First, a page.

Mental disorders and total mortality after 20 years in an adult general population sample

Ulrich John, Hans Jürgen Rumpf, Monika Hanke, Christian Meyer


BACKGROUND.: General population data on associations between mental disorders and total mortality are rare. The aim was to analyze whether the number of mental disorders, single substance use, mood, anxiety, somatoform or eating disorders during the lifetime and whether treatment utilization may predict time to death 20 years later in the general adult population. METHODS.: We used data from the Composite International Diagnostic Interview, which includes DSM-IV diagnoses for substance use, mood, anxiety, somatoform, and eating disorders, for a sample of 4,075 residents in Germany who were 18-64 years old in 1996. Twenty years later, mortality was ascertained using the public mortality database for 4,028 study participants. Cox proportional hazards models were applied for disorders that existed at any time in life before the interview. RESULTS.: The data revealed increased hazard ratios (HRs) for number of mental disorders (three or more; HR 1.4; 95% confidence interval [CI] 1.1-1.9) and for single disorders (alcohol dependence, dysthymia, panic disorder with agoraphobia, and hypochondriasis), with the reference group being study participants who had not suffered from any of the mental disorders analyzed and with adjustments made for age, sex, and education. Among individuals with any mental disorder during their lifetimes, having been an inpatient in treatment for a mental disorder was related to a higher HR (2.2; CI 1.6-3.0) than was not having been in any treatment for a mental disorder. CONCLUSIONS.: In this sample of adults in the general population, three or more mental disorders, alcohol dependence, dysthymia, panic disorder with agoraphobia, and hypochondriasis were related to premature death.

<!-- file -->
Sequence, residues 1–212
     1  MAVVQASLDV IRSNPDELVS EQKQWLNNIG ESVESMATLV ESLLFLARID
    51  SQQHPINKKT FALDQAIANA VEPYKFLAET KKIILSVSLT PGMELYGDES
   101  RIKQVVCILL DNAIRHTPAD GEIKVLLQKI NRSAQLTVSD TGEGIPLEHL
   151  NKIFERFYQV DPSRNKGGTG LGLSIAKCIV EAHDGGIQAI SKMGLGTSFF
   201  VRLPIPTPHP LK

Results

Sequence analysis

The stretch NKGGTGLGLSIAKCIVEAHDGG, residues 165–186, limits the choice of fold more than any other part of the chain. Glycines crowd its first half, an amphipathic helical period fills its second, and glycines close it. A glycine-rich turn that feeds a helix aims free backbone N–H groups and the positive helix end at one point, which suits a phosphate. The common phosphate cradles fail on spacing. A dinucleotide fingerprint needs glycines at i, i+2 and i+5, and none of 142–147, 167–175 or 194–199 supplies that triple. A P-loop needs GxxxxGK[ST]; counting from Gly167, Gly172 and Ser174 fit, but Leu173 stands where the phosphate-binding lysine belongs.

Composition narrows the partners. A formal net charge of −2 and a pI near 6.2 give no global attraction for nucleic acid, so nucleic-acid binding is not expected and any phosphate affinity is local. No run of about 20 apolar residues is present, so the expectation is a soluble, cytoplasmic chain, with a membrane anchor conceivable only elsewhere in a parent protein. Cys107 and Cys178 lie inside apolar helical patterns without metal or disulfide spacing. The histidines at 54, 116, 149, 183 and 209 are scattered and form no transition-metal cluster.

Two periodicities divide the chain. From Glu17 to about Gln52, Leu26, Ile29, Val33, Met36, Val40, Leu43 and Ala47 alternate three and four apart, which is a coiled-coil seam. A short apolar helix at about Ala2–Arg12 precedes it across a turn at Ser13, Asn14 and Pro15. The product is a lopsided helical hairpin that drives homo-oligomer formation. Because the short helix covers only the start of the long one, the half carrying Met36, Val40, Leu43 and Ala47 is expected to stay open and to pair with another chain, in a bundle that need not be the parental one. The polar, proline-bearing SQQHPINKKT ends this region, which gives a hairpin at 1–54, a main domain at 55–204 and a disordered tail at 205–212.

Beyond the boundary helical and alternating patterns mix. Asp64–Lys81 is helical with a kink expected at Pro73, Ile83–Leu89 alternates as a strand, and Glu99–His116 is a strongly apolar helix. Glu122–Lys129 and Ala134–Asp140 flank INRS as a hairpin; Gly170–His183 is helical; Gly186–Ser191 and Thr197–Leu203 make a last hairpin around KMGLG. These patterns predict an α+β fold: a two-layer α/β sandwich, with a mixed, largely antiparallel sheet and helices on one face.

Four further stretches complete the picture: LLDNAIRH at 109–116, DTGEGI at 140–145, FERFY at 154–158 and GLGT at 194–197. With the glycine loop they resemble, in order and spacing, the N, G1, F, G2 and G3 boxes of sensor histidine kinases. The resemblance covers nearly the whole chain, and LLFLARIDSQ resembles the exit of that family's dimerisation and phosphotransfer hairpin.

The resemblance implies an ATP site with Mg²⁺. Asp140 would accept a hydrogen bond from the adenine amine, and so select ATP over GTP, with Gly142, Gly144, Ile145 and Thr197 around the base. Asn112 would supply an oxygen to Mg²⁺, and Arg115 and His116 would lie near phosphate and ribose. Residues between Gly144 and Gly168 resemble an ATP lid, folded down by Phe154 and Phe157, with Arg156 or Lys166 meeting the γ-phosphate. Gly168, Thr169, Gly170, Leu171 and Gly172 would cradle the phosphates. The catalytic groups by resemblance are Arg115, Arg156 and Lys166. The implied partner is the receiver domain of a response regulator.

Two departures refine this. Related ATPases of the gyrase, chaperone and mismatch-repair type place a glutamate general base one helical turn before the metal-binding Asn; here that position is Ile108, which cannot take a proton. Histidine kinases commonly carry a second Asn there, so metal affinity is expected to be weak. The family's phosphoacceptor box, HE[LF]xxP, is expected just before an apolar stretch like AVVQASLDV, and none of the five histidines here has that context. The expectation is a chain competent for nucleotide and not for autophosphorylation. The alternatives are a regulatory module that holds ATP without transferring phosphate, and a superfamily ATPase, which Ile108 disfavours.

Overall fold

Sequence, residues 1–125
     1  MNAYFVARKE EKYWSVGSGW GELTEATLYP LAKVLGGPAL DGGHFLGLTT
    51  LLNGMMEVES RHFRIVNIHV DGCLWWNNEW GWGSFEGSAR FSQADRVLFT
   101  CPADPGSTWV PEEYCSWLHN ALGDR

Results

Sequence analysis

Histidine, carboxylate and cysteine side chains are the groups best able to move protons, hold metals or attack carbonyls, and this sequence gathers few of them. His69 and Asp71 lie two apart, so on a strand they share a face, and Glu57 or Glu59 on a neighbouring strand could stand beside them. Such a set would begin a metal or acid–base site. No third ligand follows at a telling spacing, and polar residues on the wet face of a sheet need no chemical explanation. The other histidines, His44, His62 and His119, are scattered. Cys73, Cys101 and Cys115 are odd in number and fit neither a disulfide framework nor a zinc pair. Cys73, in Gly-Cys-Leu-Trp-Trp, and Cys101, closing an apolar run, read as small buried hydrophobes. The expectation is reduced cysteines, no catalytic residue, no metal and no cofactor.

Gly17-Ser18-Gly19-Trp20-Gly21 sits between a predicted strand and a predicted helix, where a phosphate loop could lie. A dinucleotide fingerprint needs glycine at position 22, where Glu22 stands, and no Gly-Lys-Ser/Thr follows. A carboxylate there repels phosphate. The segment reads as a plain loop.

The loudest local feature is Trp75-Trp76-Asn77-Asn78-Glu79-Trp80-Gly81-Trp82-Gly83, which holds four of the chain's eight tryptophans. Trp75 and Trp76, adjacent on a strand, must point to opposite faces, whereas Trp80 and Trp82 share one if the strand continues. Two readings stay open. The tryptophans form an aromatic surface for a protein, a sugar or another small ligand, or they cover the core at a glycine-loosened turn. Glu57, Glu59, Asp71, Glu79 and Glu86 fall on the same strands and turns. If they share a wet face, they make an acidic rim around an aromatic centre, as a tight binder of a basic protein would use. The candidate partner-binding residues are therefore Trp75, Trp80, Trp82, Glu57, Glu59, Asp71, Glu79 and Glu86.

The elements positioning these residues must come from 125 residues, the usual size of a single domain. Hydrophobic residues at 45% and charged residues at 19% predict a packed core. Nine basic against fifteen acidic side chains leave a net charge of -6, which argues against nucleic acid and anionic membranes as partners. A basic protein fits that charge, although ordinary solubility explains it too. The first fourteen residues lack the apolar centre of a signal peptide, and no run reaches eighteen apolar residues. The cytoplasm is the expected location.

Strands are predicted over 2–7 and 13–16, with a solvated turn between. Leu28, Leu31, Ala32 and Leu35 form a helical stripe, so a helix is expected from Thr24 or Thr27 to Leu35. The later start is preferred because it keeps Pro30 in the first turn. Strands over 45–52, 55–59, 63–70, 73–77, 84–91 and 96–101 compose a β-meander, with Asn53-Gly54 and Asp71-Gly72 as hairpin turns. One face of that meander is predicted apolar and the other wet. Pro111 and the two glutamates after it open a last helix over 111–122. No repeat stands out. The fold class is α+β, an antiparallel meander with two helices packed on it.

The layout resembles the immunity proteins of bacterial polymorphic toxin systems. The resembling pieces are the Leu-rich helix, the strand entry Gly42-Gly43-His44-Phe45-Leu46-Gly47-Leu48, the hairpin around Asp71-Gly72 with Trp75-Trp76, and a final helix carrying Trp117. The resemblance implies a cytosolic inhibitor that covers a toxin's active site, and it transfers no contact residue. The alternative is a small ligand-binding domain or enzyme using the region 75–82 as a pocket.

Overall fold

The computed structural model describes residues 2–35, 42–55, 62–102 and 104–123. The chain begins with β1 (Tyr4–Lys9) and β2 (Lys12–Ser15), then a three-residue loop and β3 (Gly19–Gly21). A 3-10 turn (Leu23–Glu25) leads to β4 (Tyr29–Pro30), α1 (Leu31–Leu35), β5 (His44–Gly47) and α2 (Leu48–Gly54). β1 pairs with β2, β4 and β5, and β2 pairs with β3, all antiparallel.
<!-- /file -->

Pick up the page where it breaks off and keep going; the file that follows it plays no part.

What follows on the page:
Original languageEnglish
JournalEuropean psychiatry : the journal of the Association of European Psychiatrists
Issue number1
Pages (from-to)e30
Publication statusPublished - 02.03.2020

Research Areas and Centers

  • Academic Focus: Center for Brain, Behavior and Metabolism (CBBM)


Dive into the research topics of 'Mental disorders and total mortality after 20 years in an adult general population sample'. Together they form a unique fingerprint.

Cite this